Who Needs a Virus When You Have Me?

Wow, what a crazy couple of weeks it has been!

For starters, I’d like to begin with a moment that I’m certain will make it into the “Stupidest Computer Mistakes Hall of Shame.” On January 7th, 2004, an intermediate root certificate that is installed by default on Windows 2000-based computers expired. The expiration of this certificate caused erratic behavior on computers worldwide. Symptoms include a 15-second delay when opening the right click menu and problems running and updating the Norton Systemworks suite of utilities.

“Speak English, Kody!”

Okay, an explanation of root certificates… These are installed on Windows computers by default to allow secure transactions over the internet. The aforementioned expired certificate in question helped control SSL, which is probably what your web browser uses to communicate when the little padlock shows up.

Anyway, my computer starting exhibiting the symptoms, and I traced down my problem to the expired certificate. I undertook an epic quest of Googling and finally found an updated root certificate from Verisign. So, after having installed the updated certificate, and verifying that all was well, curiosity over these mysterious root certificates overwhelmed me. I decided to browse the others on my computer and noticed that several were expired – some since 1999.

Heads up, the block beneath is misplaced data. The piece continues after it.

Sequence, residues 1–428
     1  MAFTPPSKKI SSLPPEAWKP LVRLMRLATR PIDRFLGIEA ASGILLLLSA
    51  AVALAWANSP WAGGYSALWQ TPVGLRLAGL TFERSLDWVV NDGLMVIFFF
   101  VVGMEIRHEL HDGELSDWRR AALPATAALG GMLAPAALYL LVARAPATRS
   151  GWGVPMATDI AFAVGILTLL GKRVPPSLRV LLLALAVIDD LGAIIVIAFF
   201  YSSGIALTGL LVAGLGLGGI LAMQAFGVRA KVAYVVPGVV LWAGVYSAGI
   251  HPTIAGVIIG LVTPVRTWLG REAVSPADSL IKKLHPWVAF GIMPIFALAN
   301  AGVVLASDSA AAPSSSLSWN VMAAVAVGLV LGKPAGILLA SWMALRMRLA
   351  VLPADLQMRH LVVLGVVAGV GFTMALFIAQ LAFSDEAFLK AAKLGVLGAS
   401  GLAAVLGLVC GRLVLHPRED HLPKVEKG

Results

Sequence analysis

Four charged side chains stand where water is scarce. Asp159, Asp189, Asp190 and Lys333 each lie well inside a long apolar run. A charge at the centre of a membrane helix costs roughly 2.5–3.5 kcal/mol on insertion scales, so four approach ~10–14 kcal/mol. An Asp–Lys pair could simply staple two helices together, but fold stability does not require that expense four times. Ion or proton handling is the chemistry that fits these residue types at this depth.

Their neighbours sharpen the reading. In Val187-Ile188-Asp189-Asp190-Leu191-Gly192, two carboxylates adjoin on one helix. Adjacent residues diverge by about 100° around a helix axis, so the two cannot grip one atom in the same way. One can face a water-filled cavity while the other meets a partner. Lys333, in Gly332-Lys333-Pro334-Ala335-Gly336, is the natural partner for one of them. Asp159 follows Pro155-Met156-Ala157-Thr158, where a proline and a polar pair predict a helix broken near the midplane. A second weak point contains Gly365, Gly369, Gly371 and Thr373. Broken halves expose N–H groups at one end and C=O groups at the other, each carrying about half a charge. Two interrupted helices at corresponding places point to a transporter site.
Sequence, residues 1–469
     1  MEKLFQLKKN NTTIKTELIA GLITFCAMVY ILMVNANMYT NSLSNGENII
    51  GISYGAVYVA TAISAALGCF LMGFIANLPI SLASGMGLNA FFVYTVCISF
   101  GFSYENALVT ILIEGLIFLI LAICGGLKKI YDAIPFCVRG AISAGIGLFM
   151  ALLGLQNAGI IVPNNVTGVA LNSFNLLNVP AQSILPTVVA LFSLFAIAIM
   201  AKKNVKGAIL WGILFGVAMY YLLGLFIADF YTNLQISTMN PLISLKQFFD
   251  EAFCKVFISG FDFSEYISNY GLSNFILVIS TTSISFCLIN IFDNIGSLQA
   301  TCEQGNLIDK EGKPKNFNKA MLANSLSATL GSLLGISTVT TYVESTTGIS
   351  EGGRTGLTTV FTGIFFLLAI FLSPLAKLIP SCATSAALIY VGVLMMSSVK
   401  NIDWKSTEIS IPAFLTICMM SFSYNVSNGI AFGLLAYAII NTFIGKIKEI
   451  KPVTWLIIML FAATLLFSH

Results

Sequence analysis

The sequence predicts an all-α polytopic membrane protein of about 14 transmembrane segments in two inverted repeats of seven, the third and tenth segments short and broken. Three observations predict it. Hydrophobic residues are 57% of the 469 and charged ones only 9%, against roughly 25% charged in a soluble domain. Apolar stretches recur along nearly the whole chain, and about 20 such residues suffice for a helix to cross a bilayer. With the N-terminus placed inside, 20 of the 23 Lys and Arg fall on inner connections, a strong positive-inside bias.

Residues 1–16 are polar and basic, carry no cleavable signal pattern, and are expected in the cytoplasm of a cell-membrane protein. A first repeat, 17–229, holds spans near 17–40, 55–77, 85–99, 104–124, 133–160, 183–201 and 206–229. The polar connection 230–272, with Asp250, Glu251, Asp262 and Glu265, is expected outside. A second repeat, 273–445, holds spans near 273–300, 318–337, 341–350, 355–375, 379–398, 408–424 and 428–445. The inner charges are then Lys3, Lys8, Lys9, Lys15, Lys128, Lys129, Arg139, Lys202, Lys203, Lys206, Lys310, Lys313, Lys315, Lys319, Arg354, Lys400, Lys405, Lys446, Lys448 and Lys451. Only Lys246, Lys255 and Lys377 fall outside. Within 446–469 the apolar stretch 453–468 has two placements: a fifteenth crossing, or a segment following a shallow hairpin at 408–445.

“They have been expired for 5 years. Surely I’ll never need them again… right?”

Wrong.

After deleting some decidedly “unneeded” certificates, I found that I had caused more problems than I had solved. Nothing, and I mean absolutely nothing worked correctly anymore. I jumped on my second computer and hit the Microsoft knowledge base. Sure enough, I found this: Trusted Root Certificates That Are Required By Windows 2000.

I’m such an idiot. I basically fell for the Amish Computer Virus.9640f0195a7c3ed6

One painstaking Windows re-install later, I’ve learned more than I ever want to know about root certificates, and hopefully taught the rest of you that even the most savvy of computer users can get overconfident and delete things which should really remain untouched.

On the bright side, Kunshin is running much faster now. I tried doing a “lighter” install this time and kept the bloatware to a minimum, so at least my efforts weren’t a total loss.

I know you are all just dying to hear of my kidney issues. Sadly, there is no news to report. I’ve had no pain since my ER visit, and I’ve passed no stone to my knowledge. It has either disappeared or is gathering its strength for another attack.

I’ve noticed that my memory of the pain is still quite vivid, so I consider myself on a self-imposed “scared straight” program. My consumption of water has increased dramatically, and I’ve tried to eliminate my intake of carbonated beverages whenever possible. I hate water, but I hate pain and medical bills much worse, so I’ve elected to take the lesser of two evils.

An article I read recently (I’d link you to it if I could find it again) stated that if you do not drink the recommended eight 8oz. glasses of water a day, you actually feel worse mentally and physically because of “mild dehydration.” Drinking water all day instead of soda also helps you lose weight, since water has no calories and gives you a “full” feeling, whereas sodas are full of calories, and leave you hungry even after you’ve drank several.

I know I could stand to lose a few pounds and feel better, so bring on the Dasani!